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Consumer IT's Top 10 for 2013

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One can apply the cliche for just about every year, but 2013 was quite something, wasn't it? While arguably less eventful than previous years, it was still full of exciting headlines , and that's before taking our industry into account! So join our retrospective into what we we think were the major happenings of, well, 2013!

20131. Microsoft buys Nokia: The biggest acquisition of 2013 came as a late-night surprise  Microsoft became the owner of the Devices & Services division of one of the biggest (if waning) mobile vendors, an acquisition worth a cool €5.44 billion. The deal brought about various reactions from industry luminaries, such as Tim Cook's dismissive "everybody is trying to adopt Apple’s strategy," as well as the first Nokia Windows tablet, the Lumia 2520.

2. Ballmer announces retirement: Less than a month before Nokia acquisition infamously bullish Microsoft CEO Steve Ballmer announced his retirement, leaving the once technology leader without a clear leader. The news came 6 weeks after a "far-reaching realignment" of company management, part of an effort to create a "One Microsoft" out of the gigantic corporation. One thing is certain-- Ballmer and his exuberant on-stage appearances will be missed.

3. PCs are down, down, down: "Continued to shrink, declining faster than expected," these are the words the likes of Gartner and IDC tend to say on the PC market, be it in W. Europe, EMEA or across the globe. The blame, of course, is customers moving away from PCs (in order to buy tablets), as well as Windows 8.1 launch preparations and product transitions to Haswell and Bay Trail CPUs. Either way, it looks like PC market's downwards trend will continue apace, even if both desktops and laptops will remain relevant to a decently-sized consumer base.

Dell4. Dell buys itself: After months of struggle culminating in the advance-- and eventual retreat-- of hardnosed mega-sholder Carl Icahn, on September 2013 Michael Dell managed achieve his ambition of taking Dell private, winning stockholder approval of the proposal. ""We are going back to our roots," the Dell head honcho said back then. The road to taking Dell private (technically in partnership with investment firm Silver Lake Partners) was long and twisty enough to fill an HBO series, and culminated in the paying of $24.9 billion, an "all-too-low" price that spurred Carl Icahn and company's war of attrition in the first place.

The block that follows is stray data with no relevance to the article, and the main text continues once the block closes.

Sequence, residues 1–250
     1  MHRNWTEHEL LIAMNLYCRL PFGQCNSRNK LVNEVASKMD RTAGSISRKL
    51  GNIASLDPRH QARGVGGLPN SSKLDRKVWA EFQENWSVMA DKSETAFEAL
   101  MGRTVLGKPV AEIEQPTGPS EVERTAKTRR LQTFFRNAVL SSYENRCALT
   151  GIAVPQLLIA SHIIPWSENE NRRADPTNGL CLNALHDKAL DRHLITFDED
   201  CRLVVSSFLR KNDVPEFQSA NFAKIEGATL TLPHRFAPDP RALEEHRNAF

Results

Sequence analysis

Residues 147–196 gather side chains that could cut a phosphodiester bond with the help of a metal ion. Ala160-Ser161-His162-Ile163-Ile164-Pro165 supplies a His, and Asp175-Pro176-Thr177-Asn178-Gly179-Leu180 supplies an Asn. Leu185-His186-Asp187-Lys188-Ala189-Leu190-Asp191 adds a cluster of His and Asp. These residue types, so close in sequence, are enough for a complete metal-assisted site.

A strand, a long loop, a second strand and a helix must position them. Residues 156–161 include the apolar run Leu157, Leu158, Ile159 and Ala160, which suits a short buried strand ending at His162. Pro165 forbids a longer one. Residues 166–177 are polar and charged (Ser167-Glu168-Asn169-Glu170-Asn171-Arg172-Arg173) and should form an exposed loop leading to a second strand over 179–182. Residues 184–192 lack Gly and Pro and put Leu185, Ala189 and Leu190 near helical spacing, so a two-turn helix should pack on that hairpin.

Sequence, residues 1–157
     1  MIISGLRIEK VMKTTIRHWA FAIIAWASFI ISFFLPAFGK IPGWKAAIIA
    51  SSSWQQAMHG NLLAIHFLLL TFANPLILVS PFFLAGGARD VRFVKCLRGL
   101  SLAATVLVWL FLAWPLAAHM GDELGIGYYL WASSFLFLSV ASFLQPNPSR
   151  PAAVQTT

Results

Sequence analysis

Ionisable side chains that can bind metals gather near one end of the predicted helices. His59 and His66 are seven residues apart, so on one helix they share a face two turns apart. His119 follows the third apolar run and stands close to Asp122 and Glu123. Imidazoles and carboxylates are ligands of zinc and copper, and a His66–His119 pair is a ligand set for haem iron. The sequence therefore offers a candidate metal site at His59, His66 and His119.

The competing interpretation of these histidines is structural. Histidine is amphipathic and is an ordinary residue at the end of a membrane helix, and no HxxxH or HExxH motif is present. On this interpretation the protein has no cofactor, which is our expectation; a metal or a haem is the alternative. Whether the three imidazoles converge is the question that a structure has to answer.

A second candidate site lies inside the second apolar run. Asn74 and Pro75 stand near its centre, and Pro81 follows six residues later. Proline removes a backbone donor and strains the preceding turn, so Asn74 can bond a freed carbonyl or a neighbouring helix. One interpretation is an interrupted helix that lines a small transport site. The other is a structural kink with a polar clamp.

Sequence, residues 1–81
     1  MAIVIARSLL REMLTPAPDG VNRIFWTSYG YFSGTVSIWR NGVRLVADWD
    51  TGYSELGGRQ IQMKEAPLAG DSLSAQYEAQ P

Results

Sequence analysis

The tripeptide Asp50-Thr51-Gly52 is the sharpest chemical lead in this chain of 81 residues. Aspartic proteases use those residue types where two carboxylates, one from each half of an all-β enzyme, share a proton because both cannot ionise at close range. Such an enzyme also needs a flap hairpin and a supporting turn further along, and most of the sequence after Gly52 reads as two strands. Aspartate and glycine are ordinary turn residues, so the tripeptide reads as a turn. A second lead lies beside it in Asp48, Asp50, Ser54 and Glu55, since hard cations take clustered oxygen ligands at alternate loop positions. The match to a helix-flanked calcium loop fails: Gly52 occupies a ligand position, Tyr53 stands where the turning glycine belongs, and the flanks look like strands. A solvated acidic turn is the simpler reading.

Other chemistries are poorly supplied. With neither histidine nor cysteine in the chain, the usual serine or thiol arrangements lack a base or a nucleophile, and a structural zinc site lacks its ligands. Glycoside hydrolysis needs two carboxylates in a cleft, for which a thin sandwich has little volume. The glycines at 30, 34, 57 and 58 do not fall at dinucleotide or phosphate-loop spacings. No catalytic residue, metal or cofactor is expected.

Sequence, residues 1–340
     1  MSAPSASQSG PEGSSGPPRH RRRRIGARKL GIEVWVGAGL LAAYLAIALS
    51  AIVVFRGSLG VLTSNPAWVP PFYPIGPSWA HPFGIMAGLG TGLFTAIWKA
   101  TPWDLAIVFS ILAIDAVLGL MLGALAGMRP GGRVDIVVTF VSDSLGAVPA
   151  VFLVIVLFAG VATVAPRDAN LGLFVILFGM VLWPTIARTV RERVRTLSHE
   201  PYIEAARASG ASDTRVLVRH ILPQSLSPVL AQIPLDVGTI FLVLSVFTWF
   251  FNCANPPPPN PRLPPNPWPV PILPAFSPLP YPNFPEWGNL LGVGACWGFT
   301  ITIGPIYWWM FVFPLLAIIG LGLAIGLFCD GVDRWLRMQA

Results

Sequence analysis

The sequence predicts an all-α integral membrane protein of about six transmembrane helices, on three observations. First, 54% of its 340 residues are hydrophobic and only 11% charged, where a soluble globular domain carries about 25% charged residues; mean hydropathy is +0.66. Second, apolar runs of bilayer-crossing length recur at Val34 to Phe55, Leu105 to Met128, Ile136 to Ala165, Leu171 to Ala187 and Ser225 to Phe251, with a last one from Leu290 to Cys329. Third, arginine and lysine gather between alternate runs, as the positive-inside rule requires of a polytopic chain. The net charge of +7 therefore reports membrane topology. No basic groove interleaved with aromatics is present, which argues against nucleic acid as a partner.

5. Android, king of tablets: Android beats iOS when it comes to tablet market share, thanks to lower cost entry-level devices from both major and small-to-micro vendors in a variety of sizes. Particularly popular are smaller 7-inch devices, although larger, 10-inch models might bounce back as customers decide to buy large smartphones instead. In the meantime Microsoft should also see some growth, particularly if it fixes the fixes the confusion surrounding its multiple Windows versions. And speaking of Windows...

6. Windows updates to 8.1: The 8.1 update on the latest Windows version (both regular and RT flavours) rolled out on October 2013. Formerly known as Blue, the update brought about a number of changes, chief of which being the return of the Start button on the bottom left corner of the desktop. It also allows users to skip the Windows 8 Start Screen and boot straight to desktop, and provides new splitscreen app options, Internet Explorer 11, new gestures, new apps and enhanced SkyDrive functionality.

7. Next-gen gaming kicks off: Sony and Microsoft launch the next generation of gaming machines, the PlayStation 4 and the Xbox One. Both are, shockingly enough, similar-looking black boxes, even if the PS4 posits itself as a "pure" games machine while the Xbox One presents something more akin to a living room hub complete with HDMI passthrough functionality. However the two companies might face a dark horse in shape of the Steam Box(es), console-style PCs armed with a custom Linux-based OS from game developer turned online game merchant Valve...

8. EU Crisis is (hopefully) over: Good news! The European economic crisis appears to be over, at least according to GfK. Bad news! The recovery is best described as modest (0.4% Q-o-Q growth during Q2 2012), with "considerable" increases in France, Germany, Portugal and the UK and at least "slight" recovery in the still-shrinking Spanish and Italian economies. But hey, all good news is good news, even if the continent still sees a stark divide when it comes to average purchasing power.

9. Retailers ramp revamps: What do El Corte Inglés, Dixons and Media-Saturn have in common? Okay, they all sell CE, but they are also trying to do so through new store formats. Such stores tend to emphasise interactivity and customer engagement, with areas where customers can test out devices or receive advice from shop staff. In other retail news, times remain tough for all, Apple recruits Burberry CEO Angela Ahrendts as senior VP of retail and online stores and Carphone Warehouse teams up with no other than Kate Moss.

10. Curved smartphones finally appear: Two years ago we declared 2012 the year of the bendy mobile device. Oh how wrong we were. But will 2014 be the year for such devices? Probably not, even if October 2013 saw Samsung and LG releasing curvy smartphones with the Round and the G Flex. Too bad both look like little more than overpriced curios, meaning the form factor has little or no chance of garnering market acceptance. Then again Apple is rumoured to be working on a curved glass iPhone (like it is working on a TV, and a smartwatch), so who knows?